A rustic red wine and beef stew from the Aveyron which used to be served by its residents during Easter and Christmas and derived from the Occitan word “coufir” which mean to slowly simmer. It is generally composed of tougher, rail quality cuts such as beef cheek, shank or neck that have been marinated in coarse regional red wine and demands slower and lower cookery consistent with a braise.
More tender and commonly used (in France) anthropomorphic biarticular muscles from the other side of the creature on the medial side of the top-round include (muscle name and cleaned weight):
The traditional garnishes include mushrooms, onions, lardons and carrots which are seen in other dishes typically enjoyed during the shorter days of the year such as variations of Coq au vin or Bœuf Bourgingon.
For this particular interpretation of Coufidou, beef neck segments were marinated for 4 days in a raspy bottom-shelf syrah with standard aromatics (carrot, celery, onion, garlic, thyme, bay leaf, peppercorns). The neck segments were pulled from the wine and blanched in water to remove as many impurities as possible. The segments were covered with the original marinade to preserve the resourceful vein of frugality and simmered with salt for 6 hours or so until tender.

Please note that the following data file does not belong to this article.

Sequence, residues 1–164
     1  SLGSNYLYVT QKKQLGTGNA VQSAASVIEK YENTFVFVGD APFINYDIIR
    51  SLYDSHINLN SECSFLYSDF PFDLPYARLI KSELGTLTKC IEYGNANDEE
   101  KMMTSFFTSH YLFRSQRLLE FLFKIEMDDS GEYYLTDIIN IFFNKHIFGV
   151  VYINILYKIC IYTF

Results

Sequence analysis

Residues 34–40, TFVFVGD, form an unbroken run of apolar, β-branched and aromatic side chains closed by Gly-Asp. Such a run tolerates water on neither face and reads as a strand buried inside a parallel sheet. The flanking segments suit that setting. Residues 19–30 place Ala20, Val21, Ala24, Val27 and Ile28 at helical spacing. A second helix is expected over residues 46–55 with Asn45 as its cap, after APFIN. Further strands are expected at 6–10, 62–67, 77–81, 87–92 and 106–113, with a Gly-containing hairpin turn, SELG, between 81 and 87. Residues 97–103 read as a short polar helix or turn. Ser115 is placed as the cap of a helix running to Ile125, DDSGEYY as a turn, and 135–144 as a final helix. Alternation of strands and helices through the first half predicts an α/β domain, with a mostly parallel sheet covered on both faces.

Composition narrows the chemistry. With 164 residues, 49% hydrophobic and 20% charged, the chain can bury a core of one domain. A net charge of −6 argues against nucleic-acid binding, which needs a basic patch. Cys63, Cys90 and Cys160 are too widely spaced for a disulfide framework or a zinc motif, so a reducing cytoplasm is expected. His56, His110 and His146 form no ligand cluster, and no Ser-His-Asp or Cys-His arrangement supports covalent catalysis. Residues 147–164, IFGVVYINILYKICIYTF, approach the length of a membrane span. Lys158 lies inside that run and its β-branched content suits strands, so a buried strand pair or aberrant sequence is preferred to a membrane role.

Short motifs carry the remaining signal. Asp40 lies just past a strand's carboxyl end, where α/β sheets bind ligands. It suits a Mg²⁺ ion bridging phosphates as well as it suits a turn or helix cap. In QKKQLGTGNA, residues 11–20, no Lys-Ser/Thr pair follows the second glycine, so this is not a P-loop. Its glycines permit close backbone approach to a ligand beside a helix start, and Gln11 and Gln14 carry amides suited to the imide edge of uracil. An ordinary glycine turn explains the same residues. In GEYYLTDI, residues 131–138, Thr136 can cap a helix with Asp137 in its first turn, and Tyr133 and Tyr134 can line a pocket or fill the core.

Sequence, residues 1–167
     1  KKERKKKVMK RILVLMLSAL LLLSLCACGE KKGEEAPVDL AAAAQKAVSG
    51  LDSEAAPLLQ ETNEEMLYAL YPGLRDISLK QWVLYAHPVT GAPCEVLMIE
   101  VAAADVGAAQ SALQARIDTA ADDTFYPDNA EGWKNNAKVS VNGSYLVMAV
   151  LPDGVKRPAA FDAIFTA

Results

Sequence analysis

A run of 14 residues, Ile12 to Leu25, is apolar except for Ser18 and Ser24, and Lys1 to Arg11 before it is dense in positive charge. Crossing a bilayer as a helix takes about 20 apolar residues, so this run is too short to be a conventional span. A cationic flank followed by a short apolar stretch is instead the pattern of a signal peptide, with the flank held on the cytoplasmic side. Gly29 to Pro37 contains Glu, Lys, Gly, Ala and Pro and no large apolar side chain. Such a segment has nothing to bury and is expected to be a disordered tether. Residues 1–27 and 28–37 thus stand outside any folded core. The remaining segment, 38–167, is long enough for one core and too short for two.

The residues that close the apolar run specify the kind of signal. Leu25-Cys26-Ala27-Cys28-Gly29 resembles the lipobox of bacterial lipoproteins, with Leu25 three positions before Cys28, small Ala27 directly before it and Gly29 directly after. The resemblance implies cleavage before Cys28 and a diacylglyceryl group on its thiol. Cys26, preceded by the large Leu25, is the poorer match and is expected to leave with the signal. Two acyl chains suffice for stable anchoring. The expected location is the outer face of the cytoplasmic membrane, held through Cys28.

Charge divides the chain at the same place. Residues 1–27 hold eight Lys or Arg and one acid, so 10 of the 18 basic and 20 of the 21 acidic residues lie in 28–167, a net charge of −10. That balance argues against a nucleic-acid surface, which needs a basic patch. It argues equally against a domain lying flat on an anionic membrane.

In the meantime, button mushrooms were fluted and cooked in an acidulated blanc (water, flour, lemon juice, salt and olive oil). Rutabaga and turnips were turned, carrots beveled and glazed in olive oil and a splash of white wine vinegar as were cipollini onions. Potatoes were turned and carefully simmered.
The segments were cooled in the strained liquid and the meat was picked from the bones when cool enough to handle. To build the stew base, garlic was browned in beef fat, (crushed and discarded) and then crushed tomatoes were cooked until dry. The beef neck liquid was added piecemeal to the tomato product and quickly reduced to build a sauce of adequate consistency and depth to which the picked meat was added. The chocolate aroma undertones of beef and red wine are worthy of a scratch & sniff sticker. The vegetables were then added to the base and only brought to a simmer in order to meld the flavors. Seasoning was verified and the stew was heartily consumed.
Stewings on the stew: The flavor profile offered a respectful triptych of beef & wine (which magically conspire to present the aforementioned aromatic element of chocolate), the sweet, earthy starchiness of the root vegetables, onions and mushroom and the acidity from the vinegar.
In hindsight, the stew base could have benefited from an acidic element of either sherry or Banyuls vinegar. The vegetable garnish appeared to overwhelm the protein element; however that could be chalked up to the intentional emphasis on the cellar rather than the larder in the day of when proteins were a scarce luxury rather than a cheap commodity.